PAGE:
Gardening is in my blood. I grew up among the rows of flowers, fruits, and vegetables my parents grew. Hiding between cornrows or behind massive tomato plants. My sister and I would take rocks and search plant leaves for potato bugs, squishing them to help ensure the harvest. When my dad wasn’t working in the summer, he was gardening. The yard was (and still is,) his pleasure and joy. My mother’s too. They tag team the planting and care, spending a few days each fall in the kitchen canning the harvest. I remember walking into the kitchen mid-salsa making and my nose would fill with the delicious scent of jalapeno spice, onions, and tomatoes. We went through quarts of salsa each month. We’d put it on everything.
And my Grandma Judy . . . Oh, grandma Judy. Boy did she love flowers. She had the most stunning floral garden. It was messy, with no rows or delineation. It was more English cottage-looking and wild. In short, it was simply glorious. I remember waking up at her house and stepping outside while the dew was still dripping from the petals. All you could smell were peonies, lilacs, wild roses, and a multitude of other delicious, sweet scents. And her wind chimes. She loved them and had about 10 swaying in the breeze on her porch. She liked the good ones too. Not ones that clanked together like tin-can metal. Her’s sang with the sweet song of musical notes.
I can still close my eyes when I hear a good chime and be transported to her porch. I see her hanging baskets filled with wave petunias, dripping down the sides reaching almost to the floor. She’s there, rocking on her front porch, waving at the car that just honked as her friend drove by. The breeze pulls lose a few petals from the roses along the fence, and they drift to the ground like pink snow.
Thinking about the beauty of it all, and also missing her, brings tears to my eyes.
So you see . . . I have a lot to live up to. I have a lot I want to recreate. To emulate.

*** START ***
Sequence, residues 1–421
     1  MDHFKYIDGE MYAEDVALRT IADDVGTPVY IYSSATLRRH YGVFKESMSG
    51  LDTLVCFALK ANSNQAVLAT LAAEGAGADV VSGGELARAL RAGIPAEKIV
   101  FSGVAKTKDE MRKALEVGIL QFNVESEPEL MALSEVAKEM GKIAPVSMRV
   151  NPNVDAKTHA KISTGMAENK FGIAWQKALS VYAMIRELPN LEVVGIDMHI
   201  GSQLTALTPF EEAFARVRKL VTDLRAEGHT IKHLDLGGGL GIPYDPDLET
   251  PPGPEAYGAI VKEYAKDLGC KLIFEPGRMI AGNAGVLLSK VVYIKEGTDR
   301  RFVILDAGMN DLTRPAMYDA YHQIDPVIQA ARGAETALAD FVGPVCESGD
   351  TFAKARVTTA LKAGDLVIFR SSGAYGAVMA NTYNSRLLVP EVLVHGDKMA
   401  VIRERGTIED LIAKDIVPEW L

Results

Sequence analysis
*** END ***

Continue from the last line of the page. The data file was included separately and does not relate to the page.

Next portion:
And so I stare at my blank garden, which took days to carve out from the thick, Tennessee soil. And I’m nervous. Nervous to plant, afraid what I sow won’t come up. And also sad, sad that it will take years to get to where I desire my gardens and yard to be. To an extent I am excited, there is something about starting from nothing. Creating life where before there were simply weeds. But more than excited, I’m impatient.
In this whole journey of moving, I think what’s being pressed upon me the most is, that it’s okay to feel all the emotions. Happy, yet sad. Grieving, and also very blessed. I’m accepting the waves as they come. Some days they come crashing in, slamming me into a wall, leaving me gasping for breath. Other days, it’s ripples of soft water, lapping at my feet, washing away the sand between my toes, requiring me to find balance again.
It’s a process. I’m not fighting it. Instead, I’m acknowledging each feeling as it comes, and working through it as best I can.
And so my friends, I square my shoulders, grab a shovel, a packet of seeds, and head out into the piles of dirt I call my garden. I’ll plant each seed carefully, prayerfully, with anticipation for mouth watering fruits and vegetables, and sweet scents from swaying flowers. And I’ll lean into the hope that soon, tiny green leggy plants with push their way up through the soil, and I’ll be a little closer to achieving my garden dreams and goals.
Happy gardening friends.